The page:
Fears of Covid and flu 'twindemic' that could overwhelm NHS as it surges bigger and earlier than normal | The Sun

DOCTORS fear a rise in Covid and flu cases could create a “twindemic” that could overwhelm the NHS later this year.

There are indications a flu surge could occur two months earlier than usual and combined with an expected rise in coronavirus cases the twin onslaught could overload the NHS which is already trying to get record backlogs under control.

Figures from the Southern Hemisphere, which often foretell what will happen in the UK, indicate a flu surge two months earlier than normal, mostly driven by those under 30.

That would suggest a spike in flu admissions to hospital could start as early as October and could include many kids.

One estimate also suggests the flu season could be twice as large as normal.

Oxford University professor of emerging infectious diseases Sir Peter Horby told the Mirror: “It could come earlier and bigger, then you have a 'twindemic' with Covid-19 and that could put real pressure on the NHS.”

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During a typical flu season there are between 15,000 and 30,000 hospitalisations due to the virus.

Dr Simon Clarke, associate professor in cellular microbiology at Reading University, said: “We've never had a [flu and Covid] dual outbreak so I'm concerned this UK season could be particularly bad.

“Catching flu and Covid together is particularly dangerous.

“We have the NHS under huge pressure as it catches up [from the pandemic] so you have a problem there.”

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The warnings come as the waiting list for treatment from the NHS has hit a record 6.8million in England, with A&Es struggling to cope and ambulances frequently queueing outside with patients that cannot be unloaded due to a lack of capacity.

Experts also believe Covid could be about to flare up again as signs show the virus has already bounced back in parts of England.

Official figures released yesterday showed the nation’s outbreak is smaller than it has been for almost a year, with 705,000 people thought to be infected, equating to roughly one in every 75.

That figure is a nine per cent drop on the Office for National Statistics’ previous weekly estimate.


While cases have been falling nationwide since mid-July, scientists predict there will be a spike again in the coming weeks as temperatures drop and people spend more time indoors and pupils return to their classrooms with students also heading back to university.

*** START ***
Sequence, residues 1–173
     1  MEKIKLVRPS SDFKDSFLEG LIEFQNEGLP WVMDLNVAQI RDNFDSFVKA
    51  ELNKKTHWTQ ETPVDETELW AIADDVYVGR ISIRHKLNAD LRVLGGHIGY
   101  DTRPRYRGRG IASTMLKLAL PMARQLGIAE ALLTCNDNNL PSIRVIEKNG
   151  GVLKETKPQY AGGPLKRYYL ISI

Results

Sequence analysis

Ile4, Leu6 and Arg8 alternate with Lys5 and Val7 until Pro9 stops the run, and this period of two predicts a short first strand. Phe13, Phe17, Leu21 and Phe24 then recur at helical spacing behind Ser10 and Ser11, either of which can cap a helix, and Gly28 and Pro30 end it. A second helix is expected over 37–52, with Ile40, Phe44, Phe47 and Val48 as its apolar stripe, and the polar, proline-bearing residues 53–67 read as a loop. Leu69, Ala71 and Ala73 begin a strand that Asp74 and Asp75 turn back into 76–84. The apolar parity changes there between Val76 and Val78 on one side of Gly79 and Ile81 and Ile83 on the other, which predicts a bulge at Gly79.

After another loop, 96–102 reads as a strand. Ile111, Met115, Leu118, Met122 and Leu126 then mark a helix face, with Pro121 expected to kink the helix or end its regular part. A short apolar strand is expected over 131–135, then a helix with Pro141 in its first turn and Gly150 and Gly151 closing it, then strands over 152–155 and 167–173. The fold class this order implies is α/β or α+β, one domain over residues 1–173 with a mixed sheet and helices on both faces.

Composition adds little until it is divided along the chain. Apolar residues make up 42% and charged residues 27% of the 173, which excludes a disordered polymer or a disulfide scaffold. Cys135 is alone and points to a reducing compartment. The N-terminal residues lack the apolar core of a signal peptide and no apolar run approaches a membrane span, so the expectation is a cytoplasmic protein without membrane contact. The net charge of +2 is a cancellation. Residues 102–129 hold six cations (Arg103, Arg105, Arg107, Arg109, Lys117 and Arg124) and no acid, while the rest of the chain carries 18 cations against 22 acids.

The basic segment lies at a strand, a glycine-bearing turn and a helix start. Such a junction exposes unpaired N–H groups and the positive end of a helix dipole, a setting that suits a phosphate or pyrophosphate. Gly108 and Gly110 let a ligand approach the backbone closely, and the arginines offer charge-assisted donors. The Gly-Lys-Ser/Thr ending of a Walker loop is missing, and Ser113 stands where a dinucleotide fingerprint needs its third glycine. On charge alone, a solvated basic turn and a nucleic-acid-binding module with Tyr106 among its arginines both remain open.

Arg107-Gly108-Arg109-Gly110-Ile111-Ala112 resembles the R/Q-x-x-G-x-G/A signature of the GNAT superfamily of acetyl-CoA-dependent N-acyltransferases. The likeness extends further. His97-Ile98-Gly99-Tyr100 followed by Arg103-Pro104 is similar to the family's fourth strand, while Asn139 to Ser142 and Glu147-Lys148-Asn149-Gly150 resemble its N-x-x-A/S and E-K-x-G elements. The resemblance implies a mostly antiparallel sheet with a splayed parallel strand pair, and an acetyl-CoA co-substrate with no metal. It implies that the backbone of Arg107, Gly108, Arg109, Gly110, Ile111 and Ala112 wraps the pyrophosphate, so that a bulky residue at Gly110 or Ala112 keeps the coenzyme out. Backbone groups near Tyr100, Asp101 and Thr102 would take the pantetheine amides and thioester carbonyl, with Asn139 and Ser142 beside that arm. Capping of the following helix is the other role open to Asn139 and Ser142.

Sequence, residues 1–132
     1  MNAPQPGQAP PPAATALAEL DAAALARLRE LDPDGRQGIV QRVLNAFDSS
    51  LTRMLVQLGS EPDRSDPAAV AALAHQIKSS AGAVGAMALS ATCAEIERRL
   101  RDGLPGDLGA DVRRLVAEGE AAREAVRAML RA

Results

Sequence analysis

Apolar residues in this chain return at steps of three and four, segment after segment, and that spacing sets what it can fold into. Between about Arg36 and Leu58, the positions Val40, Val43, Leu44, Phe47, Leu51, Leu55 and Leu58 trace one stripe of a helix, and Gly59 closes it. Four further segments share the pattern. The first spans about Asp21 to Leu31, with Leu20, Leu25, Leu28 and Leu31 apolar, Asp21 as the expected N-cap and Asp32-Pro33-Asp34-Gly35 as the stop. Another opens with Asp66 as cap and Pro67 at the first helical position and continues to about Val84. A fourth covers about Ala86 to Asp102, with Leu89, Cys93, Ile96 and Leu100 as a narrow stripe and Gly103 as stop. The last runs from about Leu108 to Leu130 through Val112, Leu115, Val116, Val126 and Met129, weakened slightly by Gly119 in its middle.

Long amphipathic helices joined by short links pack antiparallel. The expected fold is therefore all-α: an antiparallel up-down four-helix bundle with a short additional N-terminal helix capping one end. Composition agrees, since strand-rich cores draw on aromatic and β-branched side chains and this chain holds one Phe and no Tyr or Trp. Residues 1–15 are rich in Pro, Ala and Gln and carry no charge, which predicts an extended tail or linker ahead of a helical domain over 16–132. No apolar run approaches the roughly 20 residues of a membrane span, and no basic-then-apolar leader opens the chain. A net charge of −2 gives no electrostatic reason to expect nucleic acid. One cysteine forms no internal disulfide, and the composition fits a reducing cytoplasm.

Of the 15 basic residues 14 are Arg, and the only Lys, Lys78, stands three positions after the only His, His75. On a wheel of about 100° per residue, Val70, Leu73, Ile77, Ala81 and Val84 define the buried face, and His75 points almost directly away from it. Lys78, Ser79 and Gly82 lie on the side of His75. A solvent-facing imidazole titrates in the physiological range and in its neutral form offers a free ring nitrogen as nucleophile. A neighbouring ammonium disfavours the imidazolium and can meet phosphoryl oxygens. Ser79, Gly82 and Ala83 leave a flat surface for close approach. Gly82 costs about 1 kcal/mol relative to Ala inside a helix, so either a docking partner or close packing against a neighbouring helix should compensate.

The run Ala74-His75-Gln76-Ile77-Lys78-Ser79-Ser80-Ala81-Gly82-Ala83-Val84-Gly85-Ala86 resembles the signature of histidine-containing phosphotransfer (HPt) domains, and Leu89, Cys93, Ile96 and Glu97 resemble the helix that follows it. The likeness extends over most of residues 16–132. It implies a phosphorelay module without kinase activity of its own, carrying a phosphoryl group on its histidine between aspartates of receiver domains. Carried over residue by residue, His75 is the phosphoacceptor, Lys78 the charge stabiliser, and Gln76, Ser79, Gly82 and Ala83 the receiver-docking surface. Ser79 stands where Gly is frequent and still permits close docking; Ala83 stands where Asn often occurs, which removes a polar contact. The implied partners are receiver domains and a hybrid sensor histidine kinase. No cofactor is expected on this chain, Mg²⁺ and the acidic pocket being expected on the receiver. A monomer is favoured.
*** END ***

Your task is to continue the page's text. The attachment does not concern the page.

The latest figures show Covid infections have already started to rise, up by 20 per cent from a fortnight ago, with one in 42 people currently having the virus.

The huge crowds expected to turnout for Queen Elizabeth II’s funeral and other ceremonial events along with other tributes already held earlier this week suggest they could fuel the spread of the virus.

However, Professor Paul Hunter, an expert in infectious diseases at the University of East Anglia, does not believe the events will “play much of a role” in rising rates.

He told the MailOnline that following the Platinum Jubilee in June “although cases went up, they went up too soon to be due to the Jubilee and it was probably more to do with the school holidays and people going overseas, rather than mass gatherings”.

Prof Hunter added that the Women’s Euros, seen as another source of mass gathering, had barely “any real impact” on rates either.

The weekly estimates published by the ONS are considered the most accurate way of tracking cases and any outbreak.

It doesn’t rely on Brits testing themselves and reporting the results.

In Wales, cases dropped by 11 per cent to 28,200 and in Northern Ireland they fell 12 per cent to 33,700, although the ONS weren’t entirely confident in the overall trend.

Scotland though bucked the trend with figures showing a rise of 9 per cent to 113,500, on the previous week.

The figures – for the week ending September 5 – are based on swabs from a representative sample which includes thousands of people.

Across the regions in England cases rose in the South West and Yorkshire with a prevalence of 1.5 per cent while in The Humber numbers the prevalence was 1.3 per cent.

Separately, statistics from NHS England released two days ago showed an increase in the average number of Covid hospital admissions in the South West, compared to the previous week.

Between September 5 and September 12, the region’s admissions rose by 18.9 per cent from an average of 43 per day to 52.

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In total though, an average of 519 Covid-infected people were admitted to hospitals with the virus in England for the week ending September 12 – eight times lower than levels seen at the peak.

Not all of patients are necessarily ill with the virus.

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